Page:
Sandwich ELISA is the most commonly-used ELISA format, which uses matched antibody pairs for capture and detection to enable specificity and sensitivity for the analyte of interest from complex mixtures such as biological samples. The Sandwich format enables superior specificity compared to either a direct or indirect ELISA because there are two distinct analyte-binding antibodies. Each of the antibodies are able to recognize a different antigenic epitope, preventing competition.
The sandwich format may be performed directly or indirectly. It uses an analyte-specific capture antibody which is bound directly to microplate wells and captures the analyte from the sample. The sample is added to the well, and the plate-bound antibody captures the analyte from this sample. A second analyte-specific “primary” antibody which is also specific to the analyte, is then added. This antibody may or may not be labeled with a reporter molecule, depending on whether it is a direct or indirect sandwich. If the “Primary antibody” is unlabeled, then a third “Detection” or “Secondary” antibody is added. Conjugated to a reporter enzyme or a fluorescent probe, it acts to amplify the achievable signal.
Figure 1: Sandwich ELISA benefits from superior specificity compared to either a direct or indirect ELISA because two distinct analyte-binding antibodies (each recognizing a different antigenic epitope) are used. It may also provide greater sensitivity, and even low-abundance antigens can be detected within complex samples such as serum.
The clonality of the antibodies chosen can impact the performance of the assay. Monoclonals can offer consistent lot-to-lot performance and guaranteed long-term supply, whereas polyclonals can increase the likelihood of target detection and improve sensitivity.
Figure 2: Monoclonal antibodies are comprised of a one immunoglobulin clone which detect a single antigenic epitope, making the antibody very specific but limiting it to one site. Polyclonal antibodies are made up from a heterogenous population of immunoglobulins which detect a variety of epitopes and can bind multiple sites across the target.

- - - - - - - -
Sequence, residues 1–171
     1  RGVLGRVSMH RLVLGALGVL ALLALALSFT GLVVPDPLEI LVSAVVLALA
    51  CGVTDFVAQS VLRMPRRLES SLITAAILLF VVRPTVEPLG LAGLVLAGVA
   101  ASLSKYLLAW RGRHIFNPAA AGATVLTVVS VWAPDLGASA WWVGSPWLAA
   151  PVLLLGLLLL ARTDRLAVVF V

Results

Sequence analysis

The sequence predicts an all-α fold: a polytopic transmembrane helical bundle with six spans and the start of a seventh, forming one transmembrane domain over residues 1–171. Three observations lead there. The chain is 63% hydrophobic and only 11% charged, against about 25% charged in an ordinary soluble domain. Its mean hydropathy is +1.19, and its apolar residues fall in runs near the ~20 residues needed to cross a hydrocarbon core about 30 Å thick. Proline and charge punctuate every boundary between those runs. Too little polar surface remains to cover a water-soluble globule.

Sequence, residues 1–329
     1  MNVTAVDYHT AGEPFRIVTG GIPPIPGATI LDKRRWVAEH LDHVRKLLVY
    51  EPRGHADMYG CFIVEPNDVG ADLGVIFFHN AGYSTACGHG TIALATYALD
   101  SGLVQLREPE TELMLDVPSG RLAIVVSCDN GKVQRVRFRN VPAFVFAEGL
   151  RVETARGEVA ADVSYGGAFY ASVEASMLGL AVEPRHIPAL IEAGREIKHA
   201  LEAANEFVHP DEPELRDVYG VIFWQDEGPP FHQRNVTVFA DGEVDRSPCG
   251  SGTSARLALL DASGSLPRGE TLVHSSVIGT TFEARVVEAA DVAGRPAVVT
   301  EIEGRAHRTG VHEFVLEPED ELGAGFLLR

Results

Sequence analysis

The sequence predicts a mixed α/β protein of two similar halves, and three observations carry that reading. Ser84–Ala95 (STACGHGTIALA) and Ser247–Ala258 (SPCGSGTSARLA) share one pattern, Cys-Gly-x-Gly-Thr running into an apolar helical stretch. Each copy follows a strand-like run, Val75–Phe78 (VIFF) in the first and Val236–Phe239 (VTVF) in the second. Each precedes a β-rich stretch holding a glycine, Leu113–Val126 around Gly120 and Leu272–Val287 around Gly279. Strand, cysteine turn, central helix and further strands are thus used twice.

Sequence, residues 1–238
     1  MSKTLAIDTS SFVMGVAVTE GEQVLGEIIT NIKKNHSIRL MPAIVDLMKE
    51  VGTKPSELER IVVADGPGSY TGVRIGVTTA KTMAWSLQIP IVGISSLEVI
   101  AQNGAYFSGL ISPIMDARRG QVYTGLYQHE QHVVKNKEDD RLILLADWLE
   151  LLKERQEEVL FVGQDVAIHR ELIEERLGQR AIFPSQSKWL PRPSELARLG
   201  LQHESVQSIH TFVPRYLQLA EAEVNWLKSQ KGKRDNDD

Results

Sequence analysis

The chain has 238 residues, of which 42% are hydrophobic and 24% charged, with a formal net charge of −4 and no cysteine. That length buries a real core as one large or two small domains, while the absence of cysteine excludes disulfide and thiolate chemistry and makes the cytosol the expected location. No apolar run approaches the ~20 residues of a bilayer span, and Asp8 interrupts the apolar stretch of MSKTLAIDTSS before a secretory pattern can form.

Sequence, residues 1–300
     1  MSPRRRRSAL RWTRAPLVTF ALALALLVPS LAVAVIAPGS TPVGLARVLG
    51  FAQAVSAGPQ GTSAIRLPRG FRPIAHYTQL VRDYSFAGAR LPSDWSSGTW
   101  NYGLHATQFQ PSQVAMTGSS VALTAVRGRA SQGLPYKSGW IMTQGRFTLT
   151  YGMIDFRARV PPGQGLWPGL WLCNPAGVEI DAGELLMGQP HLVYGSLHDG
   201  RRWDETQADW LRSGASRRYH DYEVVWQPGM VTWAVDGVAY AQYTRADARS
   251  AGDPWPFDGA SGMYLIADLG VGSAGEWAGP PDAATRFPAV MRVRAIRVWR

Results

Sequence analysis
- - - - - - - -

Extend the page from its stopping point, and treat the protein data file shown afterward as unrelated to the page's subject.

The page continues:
Some assays may incorporate a monoclonal antibody for antigen capture and a polyclonal antibody for detection, or they may use a pair of monoclonal antibodies. If the sandwich ELISA relies on using matched monoclonal antibody pairs it is important that they have been rigorously validated for the ELISA application.
If using monoclonal antibodies it is critical to prevent the two antibodies from competing with one another to bind the target epitope. Performing control experiments ensures that the analyte-specific antibodies can detect the antigen under the conditions of the ELISA, where proteins may be in their native forms rather than those used to confirm reactivity by Western blot. Competition assays may be used to confirm that two different epitopes are targeted by the antibody pairs.
Experiments may need a combination of monoclonal and polyclonal antibodies, which will require the experimental design to consider the impact of host and sample species, and any blocking reagents that can potentially cross-react, generating unwanted background signal by introducing non-specific binding. Choosing an antibody from Jackson ImmunoResearch that is minimally cross-reactive against the sample species, and other antibodies’ host species is desirable to minimize non-specific background.
Example 1: Indirect Sandwich ELISA with Human serum sample
|Antibody identity||Clonality||Specificity||Host||Min x|
|Capture||Polyclonal||Antigen A||Rabbit||Hu, Dnk, Bov|